Sherman – who led more than 20 daylong workshops in yoga and other practices at La Casa de Maria in Montecito before the debris flow hit in January 2018 – will launch another local six-week MAPS 1 series covering basic principles of mindfulness where students will develop a personal meditation practice and learn to apply the principles in their daily life on an ongoing basis, beginning next Thursday, March 7. “There are a lot of doors to mindfulness, but the UCLA course is incredible,” she said. “It breaks everything down in a very structured way: how to meditate, what the obstacles are, the mindfulness of body, how to deal with physical pain, how to handle difficult emotions and cultivate positive ones, and how to engage in mindful communication. And you get the science, the research, a full foundation. It’s a wonderful way of getting started.”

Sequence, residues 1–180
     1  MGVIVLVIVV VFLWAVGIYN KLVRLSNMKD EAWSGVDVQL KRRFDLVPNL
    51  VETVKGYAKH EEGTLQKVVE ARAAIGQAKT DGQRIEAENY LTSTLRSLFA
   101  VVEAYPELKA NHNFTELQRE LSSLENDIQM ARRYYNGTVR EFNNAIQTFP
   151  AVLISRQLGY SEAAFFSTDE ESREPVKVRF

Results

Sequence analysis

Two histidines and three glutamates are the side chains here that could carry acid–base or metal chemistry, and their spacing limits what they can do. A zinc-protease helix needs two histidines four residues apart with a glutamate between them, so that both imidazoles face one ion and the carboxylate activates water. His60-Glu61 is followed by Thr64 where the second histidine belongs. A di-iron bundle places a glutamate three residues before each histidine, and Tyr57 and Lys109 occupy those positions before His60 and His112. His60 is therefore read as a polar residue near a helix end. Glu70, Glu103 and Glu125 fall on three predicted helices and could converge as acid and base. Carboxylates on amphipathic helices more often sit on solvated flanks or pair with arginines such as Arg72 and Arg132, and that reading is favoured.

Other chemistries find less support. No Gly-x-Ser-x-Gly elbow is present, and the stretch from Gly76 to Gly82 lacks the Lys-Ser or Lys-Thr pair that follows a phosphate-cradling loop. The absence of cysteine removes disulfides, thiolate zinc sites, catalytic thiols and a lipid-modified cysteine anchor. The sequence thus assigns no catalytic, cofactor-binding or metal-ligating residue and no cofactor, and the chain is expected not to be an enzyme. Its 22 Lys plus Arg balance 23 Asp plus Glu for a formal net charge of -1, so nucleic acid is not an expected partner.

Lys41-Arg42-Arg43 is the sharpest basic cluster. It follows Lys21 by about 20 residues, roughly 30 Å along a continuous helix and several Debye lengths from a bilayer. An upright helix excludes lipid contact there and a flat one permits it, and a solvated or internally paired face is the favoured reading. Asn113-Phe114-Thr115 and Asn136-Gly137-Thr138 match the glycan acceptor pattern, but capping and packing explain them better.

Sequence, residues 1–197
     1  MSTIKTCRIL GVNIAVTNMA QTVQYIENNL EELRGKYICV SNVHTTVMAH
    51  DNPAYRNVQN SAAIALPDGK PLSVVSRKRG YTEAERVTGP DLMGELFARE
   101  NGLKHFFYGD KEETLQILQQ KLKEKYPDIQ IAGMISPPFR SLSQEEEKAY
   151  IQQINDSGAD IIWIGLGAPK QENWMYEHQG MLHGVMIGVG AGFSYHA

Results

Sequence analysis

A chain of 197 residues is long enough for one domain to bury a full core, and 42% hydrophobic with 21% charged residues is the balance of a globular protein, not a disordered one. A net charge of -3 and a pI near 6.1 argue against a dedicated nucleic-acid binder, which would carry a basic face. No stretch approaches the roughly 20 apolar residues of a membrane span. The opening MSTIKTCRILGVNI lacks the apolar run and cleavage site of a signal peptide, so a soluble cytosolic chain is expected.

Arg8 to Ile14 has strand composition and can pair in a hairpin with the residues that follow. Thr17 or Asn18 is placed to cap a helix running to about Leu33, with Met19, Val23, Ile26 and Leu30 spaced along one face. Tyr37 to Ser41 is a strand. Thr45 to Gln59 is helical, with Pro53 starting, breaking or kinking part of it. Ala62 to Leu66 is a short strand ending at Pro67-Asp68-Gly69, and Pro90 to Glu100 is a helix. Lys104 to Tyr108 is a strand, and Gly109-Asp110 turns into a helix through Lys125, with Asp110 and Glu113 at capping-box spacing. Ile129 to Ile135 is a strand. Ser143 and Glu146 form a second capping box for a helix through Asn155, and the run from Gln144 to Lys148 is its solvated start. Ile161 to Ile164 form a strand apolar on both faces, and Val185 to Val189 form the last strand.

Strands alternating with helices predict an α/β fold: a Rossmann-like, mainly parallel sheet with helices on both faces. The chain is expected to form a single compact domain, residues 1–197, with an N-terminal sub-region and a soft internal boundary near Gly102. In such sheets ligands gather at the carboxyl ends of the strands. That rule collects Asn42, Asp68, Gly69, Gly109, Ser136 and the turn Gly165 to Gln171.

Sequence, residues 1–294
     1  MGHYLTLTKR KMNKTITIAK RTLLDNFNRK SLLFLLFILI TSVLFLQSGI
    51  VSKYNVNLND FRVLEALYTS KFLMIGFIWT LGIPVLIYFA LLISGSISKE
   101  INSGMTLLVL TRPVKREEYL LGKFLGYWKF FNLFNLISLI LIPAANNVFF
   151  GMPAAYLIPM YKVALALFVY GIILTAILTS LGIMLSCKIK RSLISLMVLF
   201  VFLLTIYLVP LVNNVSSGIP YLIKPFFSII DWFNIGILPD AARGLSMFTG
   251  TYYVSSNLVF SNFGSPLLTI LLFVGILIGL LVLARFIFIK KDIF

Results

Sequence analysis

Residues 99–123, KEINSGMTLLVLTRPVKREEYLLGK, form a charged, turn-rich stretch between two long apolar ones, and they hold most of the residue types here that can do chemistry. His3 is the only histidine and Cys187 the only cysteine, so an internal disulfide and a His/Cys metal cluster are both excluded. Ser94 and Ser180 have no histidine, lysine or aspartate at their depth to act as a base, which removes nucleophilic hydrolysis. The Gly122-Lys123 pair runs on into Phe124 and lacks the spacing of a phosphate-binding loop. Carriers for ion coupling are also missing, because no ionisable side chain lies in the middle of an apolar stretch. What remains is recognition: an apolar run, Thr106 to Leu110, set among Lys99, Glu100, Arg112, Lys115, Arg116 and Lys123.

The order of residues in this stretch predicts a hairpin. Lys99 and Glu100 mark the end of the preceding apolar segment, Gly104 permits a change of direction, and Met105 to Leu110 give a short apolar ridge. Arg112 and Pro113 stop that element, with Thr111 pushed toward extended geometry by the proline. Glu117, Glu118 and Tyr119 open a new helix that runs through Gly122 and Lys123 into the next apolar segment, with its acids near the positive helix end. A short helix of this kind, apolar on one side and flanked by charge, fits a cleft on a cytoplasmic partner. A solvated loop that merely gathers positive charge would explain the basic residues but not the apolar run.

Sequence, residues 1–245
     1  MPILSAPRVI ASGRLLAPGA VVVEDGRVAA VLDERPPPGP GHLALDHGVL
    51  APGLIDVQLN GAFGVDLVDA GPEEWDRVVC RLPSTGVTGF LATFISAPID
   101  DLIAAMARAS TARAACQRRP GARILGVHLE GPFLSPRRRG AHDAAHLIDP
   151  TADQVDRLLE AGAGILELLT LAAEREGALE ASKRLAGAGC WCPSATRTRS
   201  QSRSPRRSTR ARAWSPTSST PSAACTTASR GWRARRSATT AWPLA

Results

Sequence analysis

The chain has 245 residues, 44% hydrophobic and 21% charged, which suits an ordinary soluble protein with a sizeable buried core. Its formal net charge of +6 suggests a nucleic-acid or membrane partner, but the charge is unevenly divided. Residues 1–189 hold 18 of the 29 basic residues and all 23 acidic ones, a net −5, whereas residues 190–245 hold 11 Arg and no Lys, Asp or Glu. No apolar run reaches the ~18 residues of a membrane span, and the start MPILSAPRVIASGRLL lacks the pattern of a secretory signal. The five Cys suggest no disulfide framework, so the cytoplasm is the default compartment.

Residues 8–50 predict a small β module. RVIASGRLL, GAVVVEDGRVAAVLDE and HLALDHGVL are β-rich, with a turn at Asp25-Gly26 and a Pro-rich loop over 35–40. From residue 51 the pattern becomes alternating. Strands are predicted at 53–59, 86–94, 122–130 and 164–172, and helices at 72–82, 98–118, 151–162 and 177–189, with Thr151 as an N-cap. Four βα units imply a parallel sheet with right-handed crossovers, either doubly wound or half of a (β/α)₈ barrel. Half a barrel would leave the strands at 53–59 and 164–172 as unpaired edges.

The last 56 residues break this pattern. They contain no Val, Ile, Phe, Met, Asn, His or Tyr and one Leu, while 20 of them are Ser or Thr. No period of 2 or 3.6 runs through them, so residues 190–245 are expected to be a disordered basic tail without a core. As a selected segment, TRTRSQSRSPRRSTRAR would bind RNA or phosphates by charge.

That latter part can be key, Sherman explained, as research has shown that short sessions practiced frequently are more beneficial than sitting longer but intermittently. “The UCLA course is a way of a taking baby steps toward cultivating peace. Just like with growing a garden, it takes time, but it builds and grows, organically. Then when you start to have it, you want more.”
While learning online or practicing alone can help, the UCLA course has the added appeal of participating in a group, added Sherman, who also teaches the practice at nonprofits and corporations. “You get to experience everyone opening their hearts and feeling a sense of unity as they grow and transform. I’m honored to be the facilitator.”
For more details, or to register for the March 7-April 11 MAPS 1 course, visit http://mindfulbusinessworks.com/maps-i-mindful-awareness-practices.